What is the future of the Financial Planning Association’s (FPA’s) Certified Financial Planner (CFP) designation and of the Association of Financial Adviser’s (AFA’s) Fellow Chartered Financial Practitioner (FChFP) designation in the new environment being created by the Financial Adviser Standards and Ethics Authority (FASEA).
It is a question already being asked by financial planners and something which has already led to a downturn in the numbers of planners signing up for the designations amid the uncertainty around how the new FASEA regime will work and the pathways they will need to follow.
FPA chief executive, Dante De Gori has confirmed that while planners have continued to sign up to pursue the CFP designation, numbers are down on previous years, while the AFA has reported a similar experience.
The commercial reality confronting the FPA and AFA is that unless the CFP and FChFP are in some way woven into the FASEA pathways framework, they risk facing a significant erosion to their bottom lines.
The CFP designation represents the second largest-revenue source for the FPA behind collection of membership dues, with the organisation’s 2017 annual report revealing that the CFP course brought in $2,046,702, while CFP certification accounted for a further $538,080.
FPA chairman, Neil Kendall is conscious of the uncertainty surrounding the future value of the CFP, but he believes that it will not only continue to be relevant but will become more important.
“We don’t believe CFP is a minimum standard, we believe it represents the highest global standard,” he said.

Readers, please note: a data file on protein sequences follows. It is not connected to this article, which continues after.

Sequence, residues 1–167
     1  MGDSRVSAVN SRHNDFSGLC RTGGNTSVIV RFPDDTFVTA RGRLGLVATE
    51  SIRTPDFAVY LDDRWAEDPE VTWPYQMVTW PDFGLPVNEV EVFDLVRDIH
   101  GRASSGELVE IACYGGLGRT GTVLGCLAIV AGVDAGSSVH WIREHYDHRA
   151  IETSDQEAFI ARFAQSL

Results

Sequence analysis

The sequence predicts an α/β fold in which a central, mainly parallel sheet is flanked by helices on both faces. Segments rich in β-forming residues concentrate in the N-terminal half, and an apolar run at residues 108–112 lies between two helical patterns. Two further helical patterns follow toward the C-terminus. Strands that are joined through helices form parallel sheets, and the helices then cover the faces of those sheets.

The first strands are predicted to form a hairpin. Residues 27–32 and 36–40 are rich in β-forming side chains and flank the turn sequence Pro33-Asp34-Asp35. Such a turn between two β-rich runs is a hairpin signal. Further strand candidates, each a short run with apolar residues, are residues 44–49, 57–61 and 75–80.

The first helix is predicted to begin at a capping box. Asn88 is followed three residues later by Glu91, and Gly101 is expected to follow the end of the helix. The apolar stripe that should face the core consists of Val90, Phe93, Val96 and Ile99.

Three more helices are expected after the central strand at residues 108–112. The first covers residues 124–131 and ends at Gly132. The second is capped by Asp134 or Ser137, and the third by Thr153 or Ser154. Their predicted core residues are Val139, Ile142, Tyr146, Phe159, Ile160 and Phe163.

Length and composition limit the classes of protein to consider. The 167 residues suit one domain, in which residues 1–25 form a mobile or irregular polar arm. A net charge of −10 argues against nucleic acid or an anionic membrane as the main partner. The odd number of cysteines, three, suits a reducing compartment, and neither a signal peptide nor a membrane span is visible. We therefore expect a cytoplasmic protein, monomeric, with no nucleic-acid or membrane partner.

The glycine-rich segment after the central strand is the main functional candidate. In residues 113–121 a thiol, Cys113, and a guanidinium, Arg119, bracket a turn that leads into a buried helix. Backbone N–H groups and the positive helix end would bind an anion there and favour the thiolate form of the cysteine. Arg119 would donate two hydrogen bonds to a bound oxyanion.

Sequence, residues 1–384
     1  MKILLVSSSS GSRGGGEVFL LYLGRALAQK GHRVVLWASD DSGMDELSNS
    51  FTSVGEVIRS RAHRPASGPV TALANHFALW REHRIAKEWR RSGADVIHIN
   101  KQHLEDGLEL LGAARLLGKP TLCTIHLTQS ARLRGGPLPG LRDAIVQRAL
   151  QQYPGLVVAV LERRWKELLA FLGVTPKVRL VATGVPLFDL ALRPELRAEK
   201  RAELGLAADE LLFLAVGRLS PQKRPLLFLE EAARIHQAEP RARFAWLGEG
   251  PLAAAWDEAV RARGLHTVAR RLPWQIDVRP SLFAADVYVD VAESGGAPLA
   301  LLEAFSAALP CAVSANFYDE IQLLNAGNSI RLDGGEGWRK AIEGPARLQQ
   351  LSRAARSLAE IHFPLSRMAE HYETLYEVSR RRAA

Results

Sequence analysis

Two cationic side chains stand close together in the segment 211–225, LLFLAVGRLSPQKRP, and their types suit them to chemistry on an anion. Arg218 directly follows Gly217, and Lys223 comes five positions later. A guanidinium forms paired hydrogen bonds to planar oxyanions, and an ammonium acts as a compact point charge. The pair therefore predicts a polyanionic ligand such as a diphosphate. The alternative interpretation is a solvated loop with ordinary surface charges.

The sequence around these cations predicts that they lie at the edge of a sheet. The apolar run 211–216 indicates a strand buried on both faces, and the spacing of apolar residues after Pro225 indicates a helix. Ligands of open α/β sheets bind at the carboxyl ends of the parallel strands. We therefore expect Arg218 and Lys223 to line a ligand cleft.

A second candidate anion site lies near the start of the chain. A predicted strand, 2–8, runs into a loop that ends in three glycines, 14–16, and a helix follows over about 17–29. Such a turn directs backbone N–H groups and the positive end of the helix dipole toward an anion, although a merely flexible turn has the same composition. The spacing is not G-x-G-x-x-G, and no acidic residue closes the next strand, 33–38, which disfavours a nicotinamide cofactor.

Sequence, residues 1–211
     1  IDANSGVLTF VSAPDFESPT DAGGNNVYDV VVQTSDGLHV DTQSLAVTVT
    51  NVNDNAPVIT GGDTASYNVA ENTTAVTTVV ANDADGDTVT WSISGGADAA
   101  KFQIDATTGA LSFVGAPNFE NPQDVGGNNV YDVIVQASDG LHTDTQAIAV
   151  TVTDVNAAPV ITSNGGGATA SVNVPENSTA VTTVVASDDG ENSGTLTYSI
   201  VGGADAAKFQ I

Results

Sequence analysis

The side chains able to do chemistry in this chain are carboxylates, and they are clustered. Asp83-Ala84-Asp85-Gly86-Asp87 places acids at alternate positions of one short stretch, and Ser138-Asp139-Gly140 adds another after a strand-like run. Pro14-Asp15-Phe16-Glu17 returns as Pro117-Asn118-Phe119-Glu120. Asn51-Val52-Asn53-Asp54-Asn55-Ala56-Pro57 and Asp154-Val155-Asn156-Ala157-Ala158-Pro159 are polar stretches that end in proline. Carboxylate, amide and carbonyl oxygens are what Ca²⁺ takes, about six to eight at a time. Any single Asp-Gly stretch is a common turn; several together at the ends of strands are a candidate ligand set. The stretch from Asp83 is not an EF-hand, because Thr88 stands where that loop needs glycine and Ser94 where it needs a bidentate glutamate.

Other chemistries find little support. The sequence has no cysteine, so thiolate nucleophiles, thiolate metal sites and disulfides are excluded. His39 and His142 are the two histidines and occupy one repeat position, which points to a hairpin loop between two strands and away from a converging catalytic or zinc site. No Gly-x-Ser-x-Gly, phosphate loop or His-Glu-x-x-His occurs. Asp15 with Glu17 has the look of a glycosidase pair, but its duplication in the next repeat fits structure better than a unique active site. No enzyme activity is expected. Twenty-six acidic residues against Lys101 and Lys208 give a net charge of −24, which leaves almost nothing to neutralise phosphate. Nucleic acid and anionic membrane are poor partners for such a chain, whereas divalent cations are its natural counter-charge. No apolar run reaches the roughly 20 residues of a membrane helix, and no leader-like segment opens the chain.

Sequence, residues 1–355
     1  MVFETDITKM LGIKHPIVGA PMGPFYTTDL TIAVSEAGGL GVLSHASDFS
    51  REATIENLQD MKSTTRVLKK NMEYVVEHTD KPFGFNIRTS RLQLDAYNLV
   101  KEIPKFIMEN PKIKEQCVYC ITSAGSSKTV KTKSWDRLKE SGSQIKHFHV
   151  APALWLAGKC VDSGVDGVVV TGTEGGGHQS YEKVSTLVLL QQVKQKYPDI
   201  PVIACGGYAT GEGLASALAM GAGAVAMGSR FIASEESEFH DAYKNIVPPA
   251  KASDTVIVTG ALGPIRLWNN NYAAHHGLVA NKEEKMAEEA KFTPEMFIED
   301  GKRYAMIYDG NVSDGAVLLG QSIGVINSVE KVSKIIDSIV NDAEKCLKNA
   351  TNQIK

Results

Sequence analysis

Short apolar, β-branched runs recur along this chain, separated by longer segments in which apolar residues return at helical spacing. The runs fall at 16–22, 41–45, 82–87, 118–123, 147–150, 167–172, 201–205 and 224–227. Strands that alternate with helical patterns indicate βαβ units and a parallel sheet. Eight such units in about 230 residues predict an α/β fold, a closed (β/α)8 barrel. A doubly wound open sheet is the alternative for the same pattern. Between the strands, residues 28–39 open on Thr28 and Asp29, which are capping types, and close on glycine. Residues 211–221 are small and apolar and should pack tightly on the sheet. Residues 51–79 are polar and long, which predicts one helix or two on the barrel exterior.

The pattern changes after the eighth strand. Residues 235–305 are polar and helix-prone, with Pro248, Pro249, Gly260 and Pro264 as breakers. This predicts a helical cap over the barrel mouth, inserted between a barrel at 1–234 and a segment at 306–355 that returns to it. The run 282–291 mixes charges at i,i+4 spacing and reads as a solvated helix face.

“FASEA’s ability is only to recognise qualifications, not designations so it means the CFP doesn’t fit into the degree or graduate diploma boxes but what FASEA haven’t so far told us is what represents an approved bridging course,” Kendall said.
“Taking some kinds of logic that this is about making sure financial planners are qualified to give financial advice and given that so far the way they have assessed this is that Financial Planning Education Council (FPEC) has a criteria and the 10 curriculum areas, then the CFP remains relevant.”
Kendall said that the FPA had mapped the CFP against 10 curriculum criteria and nine out of 10 of those were covered by the CFP.
“Where do we fit, where do we want it to fit? We think it is inconceivable that it cannot be an approved bridging course and at this stage FASEA has given away nothing on approved bridging courses,” he said.
Kendall said, on this basis, it seemed entirely possible that those who had done the CFP could be counted as having completed an approved bridging course.
“That’s where we think it’s likely to sit initially,” he said. “Longer-term the creation of FASEA has created an environment where the CFP becomes more valuable because right now you’ve got advisers out there who say they are more valuable because they’ve got a degree.”
“But in future there will be two standards – there will be degree-qualified financial planners and then there will be CFPs who have gone the extra step,” Kendall said.
“So it will be very strong in future for the CFP because it will be the point of differentiation going forward,” he said.
However, Kendall acknowledged that his hypothesis as to the future of the CFP only carried through if FASEA acted as expected.